The Tiger Boxer 250 RS, the Thai All-Rounder bike

The Tiger Boxer 250 RS all-rounder. Now there's a whishy-washy term. Giving motorcycles labels – sportbike, tourer, cruiser – gives us a mental picture of what we're getting. But the 'all-rounder' badge often suggest a bland compromise that's neither nowt nor summat.

Or it used to. Recently the all-rounders have become leaner and more capable. In Thailand the all-rounder bikes come from Tiger Motorcycle, which manufactures the Tiger Boxer 200 R and the Tiger Boxer 250 RS they offer genuine all-day comfort, practicality and ease of use in packages that can also excite.

Tiger Motorcycle's new Tiger Boxer 250 RS follows the trend for taller, more upright all-rounders. It's based on a perky 250cc single cylinder engine, slim flanks, low weight and firm suspension. It has a roomy riding position and ample pillion space to keep it useable. It even has optional hard luggage.

Looking at the Tiger Boxer 250 RS, with its sporty looks, newly designed aluminum swingarm and inverted front forks, it is hard to belief that this motorcycle has no competition on the Thai motorcycle market. The closest rival would be the Kawasaki Nina 250R, but the Kawasaki is more a sportbike, and cost twice as much so the Tiger Boxer 250 RS should be just what you need. That's the theory, anyway. Dicing with traffic, pedestrians and urban chaos is demanding and the Tiger Boxer 250 RS rules in the city, while offering enough power and riding comfort to do some out-of-town touring.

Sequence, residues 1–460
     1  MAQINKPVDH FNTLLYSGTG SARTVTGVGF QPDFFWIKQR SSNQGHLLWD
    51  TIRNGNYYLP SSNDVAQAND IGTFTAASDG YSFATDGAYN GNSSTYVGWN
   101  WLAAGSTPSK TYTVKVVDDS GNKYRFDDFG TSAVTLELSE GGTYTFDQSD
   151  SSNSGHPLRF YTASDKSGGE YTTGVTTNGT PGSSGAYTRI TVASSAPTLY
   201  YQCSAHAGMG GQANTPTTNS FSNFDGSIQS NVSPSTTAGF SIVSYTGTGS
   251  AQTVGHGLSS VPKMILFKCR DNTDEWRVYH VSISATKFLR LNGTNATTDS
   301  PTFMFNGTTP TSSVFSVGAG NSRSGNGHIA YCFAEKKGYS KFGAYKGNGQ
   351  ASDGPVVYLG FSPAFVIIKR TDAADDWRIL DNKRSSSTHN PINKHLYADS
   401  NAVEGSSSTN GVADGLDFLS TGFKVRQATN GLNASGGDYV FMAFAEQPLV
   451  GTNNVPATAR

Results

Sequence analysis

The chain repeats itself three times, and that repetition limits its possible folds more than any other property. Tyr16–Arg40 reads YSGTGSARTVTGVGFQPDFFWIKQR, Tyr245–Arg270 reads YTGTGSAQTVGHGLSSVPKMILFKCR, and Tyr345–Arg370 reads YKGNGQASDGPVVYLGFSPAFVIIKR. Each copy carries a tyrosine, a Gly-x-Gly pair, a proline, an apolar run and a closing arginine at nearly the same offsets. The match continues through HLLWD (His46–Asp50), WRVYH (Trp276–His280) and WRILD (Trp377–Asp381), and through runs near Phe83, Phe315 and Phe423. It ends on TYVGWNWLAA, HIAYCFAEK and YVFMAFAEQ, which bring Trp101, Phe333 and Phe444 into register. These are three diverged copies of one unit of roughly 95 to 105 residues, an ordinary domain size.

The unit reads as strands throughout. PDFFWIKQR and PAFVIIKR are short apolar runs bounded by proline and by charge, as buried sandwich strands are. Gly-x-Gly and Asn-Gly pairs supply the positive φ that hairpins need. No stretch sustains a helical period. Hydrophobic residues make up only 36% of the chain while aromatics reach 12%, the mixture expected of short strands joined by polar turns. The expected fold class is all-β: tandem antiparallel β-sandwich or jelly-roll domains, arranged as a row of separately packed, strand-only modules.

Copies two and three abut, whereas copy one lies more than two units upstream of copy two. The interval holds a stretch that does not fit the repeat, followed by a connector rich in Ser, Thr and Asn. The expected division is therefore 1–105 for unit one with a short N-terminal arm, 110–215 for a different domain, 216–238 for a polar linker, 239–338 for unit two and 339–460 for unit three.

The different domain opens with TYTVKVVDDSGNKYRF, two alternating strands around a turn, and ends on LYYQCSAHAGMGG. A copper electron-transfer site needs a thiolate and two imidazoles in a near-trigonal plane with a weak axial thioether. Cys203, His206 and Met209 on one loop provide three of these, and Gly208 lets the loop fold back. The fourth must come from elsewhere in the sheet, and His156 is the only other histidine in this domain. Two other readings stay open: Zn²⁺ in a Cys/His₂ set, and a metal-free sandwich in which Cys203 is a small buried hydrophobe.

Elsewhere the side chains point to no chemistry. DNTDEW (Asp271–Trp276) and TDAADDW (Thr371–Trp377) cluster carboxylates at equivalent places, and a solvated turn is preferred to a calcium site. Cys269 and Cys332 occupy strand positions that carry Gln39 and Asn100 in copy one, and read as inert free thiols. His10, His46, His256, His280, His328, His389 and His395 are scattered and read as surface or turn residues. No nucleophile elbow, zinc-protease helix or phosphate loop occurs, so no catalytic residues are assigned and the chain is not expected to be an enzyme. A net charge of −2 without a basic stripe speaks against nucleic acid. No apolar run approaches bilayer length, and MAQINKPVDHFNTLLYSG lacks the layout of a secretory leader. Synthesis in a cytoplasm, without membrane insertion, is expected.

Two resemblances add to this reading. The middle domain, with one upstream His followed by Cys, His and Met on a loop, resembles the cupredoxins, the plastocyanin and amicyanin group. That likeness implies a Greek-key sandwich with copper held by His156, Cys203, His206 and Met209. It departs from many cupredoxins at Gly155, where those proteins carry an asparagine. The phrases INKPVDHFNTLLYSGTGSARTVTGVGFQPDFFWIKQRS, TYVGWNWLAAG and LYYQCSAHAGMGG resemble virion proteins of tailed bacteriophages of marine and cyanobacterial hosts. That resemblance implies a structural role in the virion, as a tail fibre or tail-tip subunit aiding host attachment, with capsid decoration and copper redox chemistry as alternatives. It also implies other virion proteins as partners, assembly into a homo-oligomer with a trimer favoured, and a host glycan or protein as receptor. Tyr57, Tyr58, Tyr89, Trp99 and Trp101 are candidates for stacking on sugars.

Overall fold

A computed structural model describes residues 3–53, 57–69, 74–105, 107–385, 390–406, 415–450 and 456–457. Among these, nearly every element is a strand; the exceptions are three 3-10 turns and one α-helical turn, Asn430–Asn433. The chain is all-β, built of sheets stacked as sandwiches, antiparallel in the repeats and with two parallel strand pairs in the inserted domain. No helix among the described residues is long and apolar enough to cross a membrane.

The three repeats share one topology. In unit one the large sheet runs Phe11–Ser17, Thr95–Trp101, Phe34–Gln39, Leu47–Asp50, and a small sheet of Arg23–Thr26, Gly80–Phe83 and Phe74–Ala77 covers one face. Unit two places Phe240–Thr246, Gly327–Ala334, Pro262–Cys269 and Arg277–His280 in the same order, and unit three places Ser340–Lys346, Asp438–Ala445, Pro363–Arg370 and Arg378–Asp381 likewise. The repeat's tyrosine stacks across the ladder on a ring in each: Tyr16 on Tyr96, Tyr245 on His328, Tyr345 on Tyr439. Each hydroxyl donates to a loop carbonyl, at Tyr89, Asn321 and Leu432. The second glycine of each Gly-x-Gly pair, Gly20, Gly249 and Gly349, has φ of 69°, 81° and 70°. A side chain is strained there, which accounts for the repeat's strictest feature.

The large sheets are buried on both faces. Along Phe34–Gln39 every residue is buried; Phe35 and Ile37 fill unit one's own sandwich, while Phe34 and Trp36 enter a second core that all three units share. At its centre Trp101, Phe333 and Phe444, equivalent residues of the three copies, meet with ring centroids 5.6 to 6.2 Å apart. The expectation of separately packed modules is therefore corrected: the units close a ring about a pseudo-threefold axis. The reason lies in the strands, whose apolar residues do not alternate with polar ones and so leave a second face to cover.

The Tiger Boxer 250 RS shines at his job as all-rounder bike, particularly the engine. The engine can rev remarkable easy, without being to revvy in nature, the 250cc single cylinder give a smooth surge between 6000 to 8500rpm that's perfect at real road speeds.

The Tiger boxer 250 chassis has a similar undemanding character. A light feel and ample leverage from the handlebars gives easy, prompt direction changes – picking off traffic and slipping through congestion is a breeze, especially from the elevated upright riding position.

copy from :